Google researchers have discovered seven serious vulnerabilities in Dnsmasq, a lightweight, widely used DNS forwarder and DHCP server for small computer networks.
Dnsmasq is mainly written and maintained by Simon Kelley, and is open source. It can run on Linux, BSD, Android and macOS. It is included in most Linux distributions, and is also commonly found in home routers, firewalls, and IoT devices.
The vulnerabilities affect Dnsmasq versions 2.77 and earlier, and are seven: three remote code execution, one information leak, and three denial of service flaws. They can be triggered remotely via DNS and DHCP protocols.
According to Kelley, some of these have been in Dnsmasq “since prehistoric times, and have remained undetected through multiple previous security audits.”
They were discovered by the Google security team during their regular internal security assessments, and responsibly disclosed to Kelley, along with PoC code. He fixed them in v2.78 (released on Monday).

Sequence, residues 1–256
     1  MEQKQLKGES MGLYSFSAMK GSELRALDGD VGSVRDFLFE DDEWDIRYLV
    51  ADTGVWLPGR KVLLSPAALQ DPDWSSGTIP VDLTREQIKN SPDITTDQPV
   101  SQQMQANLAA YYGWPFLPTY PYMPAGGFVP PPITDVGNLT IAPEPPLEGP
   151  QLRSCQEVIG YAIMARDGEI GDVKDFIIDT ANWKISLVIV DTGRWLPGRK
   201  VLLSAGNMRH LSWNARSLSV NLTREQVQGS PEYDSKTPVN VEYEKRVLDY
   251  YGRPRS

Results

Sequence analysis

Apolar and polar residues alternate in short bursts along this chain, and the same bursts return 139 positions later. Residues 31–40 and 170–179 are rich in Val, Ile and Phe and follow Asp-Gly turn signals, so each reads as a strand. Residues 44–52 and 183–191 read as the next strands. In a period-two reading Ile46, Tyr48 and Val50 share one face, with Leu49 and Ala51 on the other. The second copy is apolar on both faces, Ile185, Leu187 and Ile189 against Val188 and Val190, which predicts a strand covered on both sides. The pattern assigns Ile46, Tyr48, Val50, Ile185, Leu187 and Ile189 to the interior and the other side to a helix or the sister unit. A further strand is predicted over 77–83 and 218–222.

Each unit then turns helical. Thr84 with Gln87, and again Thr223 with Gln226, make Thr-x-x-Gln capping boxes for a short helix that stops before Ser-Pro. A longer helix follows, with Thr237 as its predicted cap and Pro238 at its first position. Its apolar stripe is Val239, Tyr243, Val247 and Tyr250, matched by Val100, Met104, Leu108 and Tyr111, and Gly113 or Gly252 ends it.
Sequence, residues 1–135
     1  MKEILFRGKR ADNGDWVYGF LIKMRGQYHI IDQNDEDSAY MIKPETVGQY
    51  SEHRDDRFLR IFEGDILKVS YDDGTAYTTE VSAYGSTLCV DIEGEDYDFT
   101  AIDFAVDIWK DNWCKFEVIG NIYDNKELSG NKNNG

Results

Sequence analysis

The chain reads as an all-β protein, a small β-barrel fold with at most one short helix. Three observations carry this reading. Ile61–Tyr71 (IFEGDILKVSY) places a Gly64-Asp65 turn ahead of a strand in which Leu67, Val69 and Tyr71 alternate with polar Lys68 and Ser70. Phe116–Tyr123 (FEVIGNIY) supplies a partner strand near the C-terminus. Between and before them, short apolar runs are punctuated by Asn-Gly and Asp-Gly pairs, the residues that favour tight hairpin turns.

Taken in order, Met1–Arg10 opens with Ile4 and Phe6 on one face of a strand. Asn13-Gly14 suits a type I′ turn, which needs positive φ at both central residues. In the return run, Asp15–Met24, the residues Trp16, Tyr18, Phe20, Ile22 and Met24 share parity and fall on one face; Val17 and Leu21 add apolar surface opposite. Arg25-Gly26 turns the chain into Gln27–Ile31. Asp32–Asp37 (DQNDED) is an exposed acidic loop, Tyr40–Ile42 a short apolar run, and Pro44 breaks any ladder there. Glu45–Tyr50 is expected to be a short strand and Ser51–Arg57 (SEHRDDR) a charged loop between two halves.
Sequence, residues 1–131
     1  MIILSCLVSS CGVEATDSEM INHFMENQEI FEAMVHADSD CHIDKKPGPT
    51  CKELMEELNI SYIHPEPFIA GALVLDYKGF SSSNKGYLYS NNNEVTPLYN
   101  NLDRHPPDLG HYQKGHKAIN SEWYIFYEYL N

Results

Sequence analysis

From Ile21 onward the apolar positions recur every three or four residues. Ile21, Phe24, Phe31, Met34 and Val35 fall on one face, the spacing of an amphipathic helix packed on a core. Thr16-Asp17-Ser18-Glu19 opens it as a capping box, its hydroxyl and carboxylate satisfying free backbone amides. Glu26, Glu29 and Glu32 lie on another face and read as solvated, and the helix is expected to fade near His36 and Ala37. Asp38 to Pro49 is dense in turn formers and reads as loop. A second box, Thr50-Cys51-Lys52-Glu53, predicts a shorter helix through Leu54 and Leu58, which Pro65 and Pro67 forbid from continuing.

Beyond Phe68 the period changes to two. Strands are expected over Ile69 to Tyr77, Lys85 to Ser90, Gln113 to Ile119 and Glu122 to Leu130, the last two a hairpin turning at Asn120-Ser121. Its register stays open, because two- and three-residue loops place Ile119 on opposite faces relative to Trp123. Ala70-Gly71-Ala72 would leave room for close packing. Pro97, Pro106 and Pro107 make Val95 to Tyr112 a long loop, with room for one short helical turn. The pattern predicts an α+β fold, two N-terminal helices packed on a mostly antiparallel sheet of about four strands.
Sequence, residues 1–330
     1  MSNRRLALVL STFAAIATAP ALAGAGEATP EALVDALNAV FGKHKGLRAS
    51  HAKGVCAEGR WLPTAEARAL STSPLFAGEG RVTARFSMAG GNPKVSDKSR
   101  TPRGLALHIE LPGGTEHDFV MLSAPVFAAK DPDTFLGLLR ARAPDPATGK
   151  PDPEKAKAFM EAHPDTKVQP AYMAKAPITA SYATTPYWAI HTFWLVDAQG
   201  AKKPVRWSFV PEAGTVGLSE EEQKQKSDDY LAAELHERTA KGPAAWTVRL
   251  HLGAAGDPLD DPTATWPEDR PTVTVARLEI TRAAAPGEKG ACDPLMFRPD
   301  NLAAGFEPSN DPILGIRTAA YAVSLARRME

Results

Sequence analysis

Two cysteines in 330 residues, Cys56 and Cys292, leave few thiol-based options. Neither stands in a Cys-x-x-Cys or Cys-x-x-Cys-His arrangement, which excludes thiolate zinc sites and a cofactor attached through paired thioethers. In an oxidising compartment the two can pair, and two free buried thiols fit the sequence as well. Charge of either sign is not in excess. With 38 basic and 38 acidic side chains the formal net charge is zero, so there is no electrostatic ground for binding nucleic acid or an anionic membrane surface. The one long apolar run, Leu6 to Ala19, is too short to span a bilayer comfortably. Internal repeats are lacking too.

Google says that the patches they helped create have been upstreamed and are committed to the project’s git repository. They’ve also submitted for review another patch they believe will increase the security of Dnsmasq installations, by running Dnsmasq under seccomp-bpf to allow for additional sandboxing.
More details about the flaws can be found here.
Kelley said that updates to distribution packages, firmware images and Android should be available “now or very soon.”
“Android partners have received this patch as well and it will be included in Android’s monthly security update for October,” Google noted. “Kubernetes versions 1.5.8, 1.6.11, 1.7.7, and 1.8.0 have been released with a patched DNS pod. Other affected Google services have been updated.”
A (likely incomplete) list of vendors whose products might be affected by these flaws has been set up by CERT/CC, so if you’re using one or more of them, check with the vendors for more information and security updates.